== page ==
Adapting to Social Distancing (or is it Physical Distancing?), by Dr. Lauren Tobing-Puente

In Part 3 of the Ch-Ch-Ch-Changes blog series, I will focus on our adaptation to the concept of “Social Distancing.”  This term, which many of us never heard before March 2020, is so prevalent within our vocabulary, the media, and our mindset in recent months.   This term may have brought about many emotions in us: fear (“What if I can’t buy my necessities if shopping in stores is not safe?”), sadness (“I miss giving people hugs”), or frustration (“What will I do if I can’t see my friends, family, or coworkers?).  However, many of us have adapted to this concept during the past few months.  As we have discussed in the earlier posts in this series, this time of pandemic has shown how we have adapted and (hopefully) allowed us time to promote our self-care and well-being.  My hope is that adapting to distancing has allowed for new ways of interacting and skills that can be used in the future.  For kids, this may mean having more meaningful connections with family members who moved far away; for adults this may mean having new ways of working and “going” to doctors appointments, for example.

Before we go further, we need to ensure that we change our thinking about “social distancing” and consider the more appropriate term, “physical distancing.”  Social distancing implies that we are maintaining distance from our social networks, which is very much the opposite of what is needed during a time of so much stress, anxiety and new routines.  Positive social interactions are excellent coping strategies.  It is crucial to remember that humans are wired for relationships.  Even people who struggle to maintain relationships with others need relationships, despite the factors that make it difficult.

During the past few months, you likely have found yourself, or your child on a Zoom call, a Google Meets or, in our case for our practice, a session once, twice or several times per week.  I am so grateful for these video platforms, while not the same as being in person, it enables us to provide the visual aspect of social interactions.  Many young children are not great at speaking on the phone, but may have already learned how to Facetime with faraway family members prior to this pandemic.  That all said, you may be finding it difficult to maintain virtual social interactions for your children.  This may not be a skill that comes easily for you or your child. 

Here are some tips to help facilitate virtual social interactions for kids:

  • Especially for younger (chronologically or developmentally) children: organize and schedule virtual get-togethers for them.  Younger children are less likely to ask for them and are less able to schedule them independently.  Do this with grandparents, cousins, and other family members, and especially with classmates and other friends.
  • Remember, kids interact more physically than adults do; so, expect that their video chats will be more active, too.  They are less likely to just sit and look at their friends’/family members’ faces.  Here are some ideas for virtual activities:
    • Have them give a tour of their bedroom or their house and reciprocate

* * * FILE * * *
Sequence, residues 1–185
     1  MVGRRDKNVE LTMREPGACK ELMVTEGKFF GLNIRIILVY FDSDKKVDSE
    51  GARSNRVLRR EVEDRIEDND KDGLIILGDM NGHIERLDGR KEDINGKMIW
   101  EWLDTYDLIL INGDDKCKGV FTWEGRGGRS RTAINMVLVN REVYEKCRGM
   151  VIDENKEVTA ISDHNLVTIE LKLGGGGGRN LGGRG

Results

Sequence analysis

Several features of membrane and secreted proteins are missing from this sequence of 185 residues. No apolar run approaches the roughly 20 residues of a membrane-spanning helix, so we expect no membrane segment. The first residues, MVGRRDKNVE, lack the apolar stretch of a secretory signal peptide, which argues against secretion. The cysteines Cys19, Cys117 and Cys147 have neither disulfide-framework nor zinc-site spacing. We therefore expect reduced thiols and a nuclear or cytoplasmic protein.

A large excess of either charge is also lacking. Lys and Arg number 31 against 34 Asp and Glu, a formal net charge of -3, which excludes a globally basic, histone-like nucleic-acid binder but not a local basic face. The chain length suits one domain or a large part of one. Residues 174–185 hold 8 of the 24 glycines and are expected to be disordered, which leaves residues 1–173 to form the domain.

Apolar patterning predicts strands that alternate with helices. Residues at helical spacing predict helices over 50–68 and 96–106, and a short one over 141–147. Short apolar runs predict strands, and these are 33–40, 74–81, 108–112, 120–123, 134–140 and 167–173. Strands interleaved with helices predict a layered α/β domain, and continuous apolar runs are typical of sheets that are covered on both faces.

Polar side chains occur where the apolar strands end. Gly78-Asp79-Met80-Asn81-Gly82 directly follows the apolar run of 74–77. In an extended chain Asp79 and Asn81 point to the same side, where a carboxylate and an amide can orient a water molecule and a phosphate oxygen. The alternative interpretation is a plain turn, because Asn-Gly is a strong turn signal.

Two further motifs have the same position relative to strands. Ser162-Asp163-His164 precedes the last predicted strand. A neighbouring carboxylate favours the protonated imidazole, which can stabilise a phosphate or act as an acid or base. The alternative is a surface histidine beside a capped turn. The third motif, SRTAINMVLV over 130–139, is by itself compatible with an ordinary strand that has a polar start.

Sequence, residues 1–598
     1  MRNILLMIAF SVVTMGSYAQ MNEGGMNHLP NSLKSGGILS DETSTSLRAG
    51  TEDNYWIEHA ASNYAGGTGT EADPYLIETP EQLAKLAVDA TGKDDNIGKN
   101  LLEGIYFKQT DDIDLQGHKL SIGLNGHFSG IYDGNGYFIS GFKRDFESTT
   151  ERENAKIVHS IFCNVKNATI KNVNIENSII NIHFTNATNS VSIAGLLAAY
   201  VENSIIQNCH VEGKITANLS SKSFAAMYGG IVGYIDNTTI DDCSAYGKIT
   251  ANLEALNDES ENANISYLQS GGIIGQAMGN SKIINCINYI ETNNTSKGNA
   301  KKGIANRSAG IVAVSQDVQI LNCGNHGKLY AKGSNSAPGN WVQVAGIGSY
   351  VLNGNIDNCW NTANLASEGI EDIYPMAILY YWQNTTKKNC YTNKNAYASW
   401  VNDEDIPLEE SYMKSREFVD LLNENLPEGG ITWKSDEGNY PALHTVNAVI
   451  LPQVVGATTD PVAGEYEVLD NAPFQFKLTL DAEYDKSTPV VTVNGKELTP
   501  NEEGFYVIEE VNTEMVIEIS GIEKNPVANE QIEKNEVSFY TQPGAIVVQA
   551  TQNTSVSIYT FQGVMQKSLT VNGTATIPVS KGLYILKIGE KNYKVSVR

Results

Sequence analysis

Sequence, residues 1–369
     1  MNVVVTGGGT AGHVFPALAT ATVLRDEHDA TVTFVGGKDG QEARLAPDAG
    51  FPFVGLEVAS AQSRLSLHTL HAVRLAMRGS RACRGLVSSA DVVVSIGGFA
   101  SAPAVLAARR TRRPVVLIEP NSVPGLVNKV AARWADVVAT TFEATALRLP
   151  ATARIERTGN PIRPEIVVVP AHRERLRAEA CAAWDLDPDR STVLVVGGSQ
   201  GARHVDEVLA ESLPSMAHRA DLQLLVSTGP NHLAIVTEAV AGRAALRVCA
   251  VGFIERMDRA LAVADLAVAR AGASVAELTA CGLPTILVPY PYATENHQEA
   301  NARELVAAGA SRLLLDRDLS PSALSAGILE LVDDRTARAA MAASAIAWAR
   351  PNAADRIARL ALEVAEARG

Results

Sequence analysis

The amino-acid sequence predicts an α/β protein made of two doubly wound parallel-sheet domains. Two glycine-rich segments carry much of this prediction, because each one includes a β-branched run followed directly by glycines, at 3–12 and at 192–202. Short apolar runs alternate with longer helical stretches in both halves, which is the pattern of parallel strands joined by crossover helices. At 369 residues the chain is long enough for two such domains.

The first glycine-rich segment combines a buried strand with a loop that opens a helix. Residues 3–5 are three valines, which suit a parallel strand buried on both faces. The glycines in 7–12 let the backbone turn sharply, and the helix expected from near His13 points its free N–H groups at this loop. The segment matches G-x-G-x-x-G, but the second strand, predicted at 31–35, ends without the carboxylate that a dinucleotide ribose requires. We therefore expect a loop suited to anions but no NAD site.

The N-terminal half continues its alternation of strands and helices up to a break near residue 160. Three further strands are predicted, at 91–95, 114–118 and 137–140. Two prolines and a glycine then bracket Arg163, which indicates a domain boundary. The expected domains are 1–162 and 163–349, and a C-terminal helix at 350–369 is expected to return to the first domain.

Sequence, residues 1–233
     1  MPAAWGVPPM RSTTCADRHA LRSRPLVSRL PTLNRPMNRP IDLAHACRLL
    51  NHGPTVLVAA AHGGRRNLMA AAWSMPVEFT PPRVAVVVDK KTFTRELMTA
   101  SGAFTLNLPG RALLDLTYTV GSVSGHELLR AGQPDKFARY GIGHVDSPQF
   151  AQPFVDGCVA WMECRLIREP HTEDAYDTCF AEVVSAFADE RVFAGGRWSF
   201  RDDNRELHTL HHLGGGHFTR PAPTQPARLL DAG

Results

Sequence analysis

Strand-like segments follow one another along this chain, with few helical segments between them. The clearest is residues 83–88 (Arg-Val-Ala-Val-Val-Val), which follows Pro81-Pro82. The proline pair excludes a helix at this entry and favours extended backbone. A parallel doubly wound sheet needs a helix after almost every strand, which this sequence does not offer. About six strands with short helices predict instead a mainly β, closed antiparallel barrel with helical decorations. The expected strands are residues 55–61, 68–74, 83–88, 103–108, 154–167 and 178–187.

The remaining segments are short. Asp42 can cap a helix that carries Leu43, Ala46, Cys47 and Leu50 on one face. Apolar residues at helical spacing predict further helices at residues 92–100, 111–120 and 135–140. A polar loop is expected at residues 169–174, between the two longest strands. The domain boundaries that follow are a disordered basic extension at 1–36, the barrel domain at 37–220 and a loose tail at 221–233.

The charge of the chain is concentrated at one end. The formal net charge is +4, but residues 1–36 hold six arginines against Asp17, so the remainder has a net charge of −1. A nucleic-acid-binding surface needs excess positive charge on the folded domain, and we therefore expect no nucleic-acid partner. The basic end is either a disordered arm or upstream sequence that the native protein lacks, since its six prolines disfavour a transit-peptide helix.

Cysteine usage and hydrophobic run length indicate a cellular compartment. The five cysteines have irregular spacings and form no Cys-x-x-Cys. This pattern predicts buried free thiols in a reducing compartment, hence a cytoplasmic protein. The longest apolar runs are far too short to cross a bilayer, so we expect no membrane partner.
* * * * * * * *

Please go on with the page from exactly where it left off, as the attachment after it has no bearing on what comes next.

• Hula hoop contest, dribble a basketball contest
    • Scavenger hunt (e.g. Surprise each other with a funny hat; find something that starts with the letter ___)
    • Online interactive games  (e.g,, Scattegories, Hangman).  You can make some of these up as well.
  • It may help to plan activities for video chats ahead of time so they know ahead of time that they will be doing something of interest or motivating.
  • Remember that just because kids may not be talking or looking at the video screen does not mean they are not invested in the interaction.  They may enjoy having their aunt, for example, watch them draw a picture or build a Lego structure, as the aunt comments and validates their ideas.

Tips for Caregivers

  • Think about how often you socially interacted during the day pre-pandemic  (e.g., a couple of quick pleasantries in the elevator or at the front desk; morning fitness walk with a friend; lunch with a colleague).  The interactions may have been brief and routine, but meaningful.  Be sure to engage at the same frequency or more now.  It may be with different people (family member at home rather than co-worker) or in a different format (text message versus in-person) but will provide you with some drops in the proverbial cup of social interaction.
  • Virtual get-togethers: with friends, family, co-workers, etc.  Again, the visual component to video interactions is quite meaningful.  In our practice, we now hold our weekly group meetings via video, rather than by phone conference.
  • Consider your comfort level for live, in-person visits, as the pandemic eases.  With better weather these days, there are greater opportunities for outdoor activities (which the CDC says are safer).  Meeting at a park or backyard with masks while maintaining distancing guidelines is quite feasible.  With kids, consider their understanding of physical distance rules and use of masks.  

I hope these tips and strategies help to prioritize social relationships during this pandemic.  Although we are likely to be missing many of our routine social events, it is crucial to maintain our, and our children’s, relationships with friends and family.  You may find that relationships deepen and/or grow using these new tools.  And if not, they will hopefully help us cope with the pandemic until it is safe to resume regular activities again.

Stay tuned for our next blog on maximizing the benefits for time at home with your child.

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